Wednesday, April 8, 2009

Gay rights vs. religious liberty

“It’s going to be a train wreck,” says Marc Stern, general council for the American Jewish Congress. "Banned in Boston; The coming conflict between same-sex marriage and religious liberty” by Maggie Gallagher (Weekly Standard, May 15, 2006) is an article that every Christian, Jew and Muslim in America who is still faithful to their traditional values needs to read in full. Excerpts appear below:

“Catholic Charities of Boston made the announcement on March 10: It was getting out of the adoption business. “We have encountered a dilemma we cannot resolve. . . . The issue is adoption to same-sex couples.”

“It was shocking news. Catholic Charities of Boston, one of the nation's oldest adoption agencies, had long specialized in finding good homes for hard to place kids.”

“Marylou Sudders, president of the Massachusetts Society for the Prevention of Cruelty to Children, said simply, "This is a tragedy for kids.”

“So who is right? Is the fate of Catholic Charities of Boston an aberration or a sign of things to come?”

“I put the question to Anthony Picarello, president and general counsel of the Becket Fund for Religious Liberty.”

“Just how serious are the coming conflicts over religious liberty stemming from gay marriage?”
“The impact will be severe and pervasive," Picarello says flatly. "This is going to affect every aspect of church-state relations.’ Recent years, he predicts, will be looked back on as a time of relative peace between church and state, one where people had the luxury of litigating cases about things like the Ten Commandments in courthouses.”

“Generally speaking the scholars most opposed to gay marriage were somewhat less likely than others to foresee large conflicts ahead--perhaps because they tended to find it ‘inconceivable…”
“By contrast, the scholars who favor gay marriage found it relatively easy to foresee looming legal pressures on faith-based organizations opposed to gay marriage…”

“Chai Feldblum…is a Georgetown law professor who is highly sought after on civil rights issues, especially gay civil rights.”

“…the bottom line for Feldblum is: "Sexual liberty should win in most cases. There can be a conflict between religious liberty and sexual liberty, but in almost all cases the sexual liberty should win…”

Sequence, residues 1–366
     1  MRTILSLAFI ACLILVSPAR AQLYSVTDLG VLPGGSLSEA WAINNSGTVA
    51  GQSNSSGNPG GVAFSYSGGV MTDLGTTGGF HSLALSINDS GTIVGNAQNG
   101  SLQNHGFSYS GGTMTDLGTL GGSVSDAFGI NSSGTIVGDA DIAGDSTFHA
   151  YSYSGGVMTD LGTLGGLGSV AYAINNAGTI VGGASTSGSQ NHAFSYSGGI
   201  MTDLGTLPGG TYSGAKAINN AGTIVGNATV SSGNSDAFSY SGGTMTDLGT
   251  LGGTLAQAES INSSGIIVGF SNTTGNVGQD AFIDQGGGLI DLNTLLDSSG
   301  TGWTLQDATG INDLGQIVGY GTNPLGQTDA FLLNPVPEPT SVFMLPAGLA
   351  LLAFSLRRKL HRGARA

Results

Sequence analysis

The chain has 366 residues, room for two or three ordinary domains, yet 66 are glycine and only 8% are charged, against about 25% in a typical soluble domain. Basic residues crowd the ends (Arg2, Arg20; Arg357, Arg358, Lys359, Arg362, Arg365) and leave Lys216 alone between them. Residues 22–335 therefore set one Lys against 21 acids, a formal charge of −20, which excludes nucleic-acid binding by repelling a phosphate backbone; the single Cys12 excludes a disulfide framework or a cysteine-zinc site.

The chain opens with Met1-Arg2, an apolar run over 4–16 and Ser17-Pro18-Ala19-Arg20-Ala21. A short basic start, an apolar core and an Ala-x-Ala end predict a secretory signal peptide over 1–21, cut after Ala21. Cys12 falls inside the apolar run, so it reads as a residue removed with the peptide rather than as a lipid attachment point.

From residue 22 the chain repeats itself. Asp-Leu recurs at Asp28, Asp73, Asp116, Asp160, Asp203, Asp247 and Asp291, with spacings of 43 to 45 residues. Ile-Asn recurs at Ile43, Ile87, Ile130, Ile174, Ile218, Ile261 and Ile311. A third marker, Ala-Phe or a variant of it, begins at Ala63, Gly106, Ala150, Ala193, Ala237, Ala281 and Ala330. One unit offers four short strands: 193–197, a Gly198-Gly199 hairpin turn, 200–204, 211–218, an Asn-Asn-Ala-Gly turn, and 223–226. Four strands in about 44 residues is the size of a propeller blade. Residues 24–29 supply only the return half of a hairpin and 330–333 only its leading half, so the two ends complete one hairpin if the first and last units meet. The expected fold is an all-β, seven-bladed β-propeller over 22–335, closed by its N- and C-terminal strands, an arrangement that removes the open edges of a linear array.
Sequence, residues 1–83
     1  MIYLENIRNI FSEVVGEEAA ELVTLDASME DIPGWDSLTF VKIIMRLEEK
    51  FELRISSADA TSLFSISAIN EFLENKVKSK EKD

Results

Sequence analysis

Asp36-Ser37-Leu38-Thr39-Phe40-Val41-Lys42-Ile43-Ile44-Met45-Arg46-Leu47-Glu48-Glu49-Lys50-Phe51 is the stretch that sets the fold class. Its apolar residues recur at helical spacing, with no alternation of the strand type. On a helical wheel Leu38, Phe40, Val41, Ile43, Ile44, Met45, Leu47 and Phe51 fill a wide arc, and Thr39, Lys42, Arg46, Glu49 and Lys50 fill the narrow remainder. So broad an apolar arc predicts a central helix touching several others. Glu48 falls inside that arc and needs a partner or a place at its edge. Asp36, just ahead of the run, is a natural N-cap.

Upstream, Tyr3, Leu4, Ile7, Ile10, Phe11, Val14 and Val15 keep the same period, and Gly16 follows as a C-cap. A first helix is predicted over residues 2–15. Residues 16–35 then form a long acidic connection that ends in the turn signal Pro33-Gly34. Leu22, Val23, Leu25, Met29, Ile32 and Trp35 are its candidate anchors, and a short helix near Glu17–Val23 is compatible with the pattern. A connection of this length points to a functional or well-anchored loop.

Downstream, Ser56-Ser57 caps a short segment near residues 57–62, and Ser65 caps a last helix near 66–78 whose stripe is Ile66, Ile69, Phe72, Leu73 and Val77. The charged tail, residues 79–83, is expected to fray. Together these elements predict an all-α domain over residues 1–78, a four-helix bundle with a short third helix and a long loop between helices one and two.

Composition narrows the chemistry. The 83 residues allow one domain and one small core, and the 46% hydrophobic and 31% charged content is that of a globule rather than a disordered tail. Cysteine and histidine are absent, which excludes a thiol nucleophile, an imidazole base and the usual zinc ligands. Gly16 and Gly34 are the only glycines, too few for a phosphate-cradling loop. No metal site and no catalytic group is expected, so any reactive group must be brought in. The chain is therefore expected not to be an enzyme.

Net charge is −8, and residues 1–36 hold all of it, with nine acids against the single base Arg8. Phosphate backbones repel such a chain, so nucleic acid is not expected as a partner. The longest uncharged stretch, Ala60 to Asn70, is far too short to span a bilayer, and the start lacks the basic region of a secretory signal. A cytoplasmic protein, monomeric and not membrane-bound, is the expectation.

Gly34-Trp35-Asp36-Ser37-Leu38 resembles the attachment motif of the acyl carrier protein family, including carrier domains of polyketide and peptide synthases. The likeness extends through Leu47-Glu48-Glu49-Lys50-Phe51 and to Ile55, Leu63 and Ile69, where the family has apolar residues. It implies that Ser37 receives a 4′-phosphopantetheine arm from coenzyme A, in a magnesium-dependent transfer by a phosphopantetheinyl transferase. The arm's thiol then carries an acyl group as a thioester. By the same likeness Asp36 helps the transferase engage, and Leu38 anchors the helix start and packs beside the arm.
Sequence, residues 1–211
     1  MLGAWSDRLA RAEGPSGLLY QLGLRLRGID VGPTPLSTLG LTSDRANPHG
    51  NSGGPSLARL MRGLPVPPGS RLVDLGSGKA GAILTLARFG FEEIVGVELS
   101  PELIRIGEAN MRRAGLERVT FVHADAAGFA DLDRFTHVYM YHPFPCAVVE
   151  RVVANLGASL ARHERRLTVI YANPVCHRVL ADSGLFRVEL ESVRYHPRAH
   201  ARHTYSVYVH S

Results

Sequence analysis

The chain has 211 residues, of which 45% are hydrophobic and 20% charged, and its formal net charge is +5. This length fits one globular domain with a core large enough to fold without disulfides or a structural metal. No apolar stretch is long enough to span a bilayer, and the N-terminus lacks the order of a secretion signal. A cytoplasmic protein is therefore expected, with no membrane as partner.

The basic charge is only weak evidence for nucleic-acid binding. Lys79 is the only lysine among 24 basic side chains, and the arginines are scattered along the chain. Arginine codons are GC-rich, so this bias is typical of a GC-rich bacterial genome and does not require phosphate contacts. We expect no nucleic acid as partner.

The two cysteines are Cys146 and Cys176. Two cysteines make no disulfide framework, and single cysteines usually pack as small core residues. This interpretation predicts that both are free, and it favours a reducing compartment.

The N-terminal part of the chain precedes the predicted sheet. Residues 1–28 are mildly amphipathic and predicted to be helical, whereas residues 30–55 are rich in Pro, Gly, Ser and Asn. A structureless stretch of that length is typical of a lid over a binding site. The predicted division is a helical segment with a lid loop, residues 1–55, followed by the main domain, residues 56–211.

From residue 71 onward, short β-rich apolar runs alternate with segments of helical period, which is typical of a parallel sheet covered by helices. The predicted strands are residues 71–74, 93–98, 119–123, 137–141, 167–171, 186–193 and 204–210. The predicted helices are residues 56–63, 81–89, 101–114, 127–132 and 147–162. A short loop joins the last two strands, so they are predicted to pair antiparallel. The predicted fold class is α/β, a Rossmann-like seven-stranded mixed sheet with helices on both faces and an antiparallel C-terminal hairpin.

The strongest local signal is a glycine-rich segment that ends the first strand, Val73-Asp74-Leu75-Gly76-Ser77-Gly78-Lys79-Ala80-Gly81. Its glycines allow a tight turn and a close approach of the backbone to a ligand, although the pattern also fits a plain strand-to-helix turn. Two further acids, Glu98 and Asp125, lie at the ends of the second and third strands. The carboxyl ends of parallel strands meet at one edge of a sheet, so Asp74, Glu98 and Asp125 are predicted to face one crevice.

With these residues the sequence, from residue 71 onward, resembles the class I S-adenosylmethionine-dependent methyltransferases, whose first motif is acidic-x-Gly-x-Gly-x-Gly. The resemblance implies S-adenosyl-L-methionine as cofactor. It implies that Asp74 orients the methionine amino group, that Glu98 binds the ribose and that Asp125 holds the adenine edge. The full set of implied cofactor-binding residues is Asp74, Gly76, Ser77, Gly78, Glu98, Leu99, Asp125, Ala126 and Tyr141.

“Marc Stern has known Chai Feldblum since she was eight years old…Chai is among the most reasonable [gay rights advocates],’ he says. ‘If she's having trouble coming up with cases in which religious liberty should win, we're in trouble.”

“As general counsel for the American Jewish Congress, Marc Stern knows religious liberty law from the inside out….Consider education. Same-sex marriage will affect religious educational institutions, he argues, in at least four ways: admissions, employment, housing, and regulation of clubs. One of Stern's big worries right now is a case in California where a private Christian high school expelled two girls who (the school says) announced they were in a lesbian relationship. Stern is not optimistic. And if the high school loses, he tells me, ‘then religious schools are out of business.’ Or at least the government will force religious schools to tolerate both conduct and proclamations by students they believe to be sinful.”

“Future conflict with the law in regard to licensing is certain with regard to psychological clinics, social workers, marital counselors, and the like," Stern wrote last December--well before the Boston Catholic Charities story broke.”

“Will speech against gay marriage be allowed to continue unfettered? ‘Under the American regime of freedom of speech, the answer ought to be easy," according to Stern. But it is not entirely certain, he writes, "because sexual-harassment-in-the-workplace principles will likely migrate to suppress any expression of anti-same-sex-marriage views.”
“Jonathan Turley, the George Washington professor who is a First Amendment specialist, also sees a serious risk ahead.”

“Precisely because support for marriage is public policy, once marriage includes gay couples, groups who oppose gay marriage are likely to be judged in violation of public policy, triggering a host of negative consequences, including the loss of tax-exempt status.”

“Marc Stern is looking more and more like a reluctant prophet: ‘It's going to be a train wreck,’ he told me in the offices of the American Jewish Congress high above Manhattan. ‘A very dangerous train wreck.”

Excerpts from "Banned in Boston; The coming conflict between same-sex marriage and religious liberty” by Maggie Gallagher (Weekly Standard, May 15, 2006)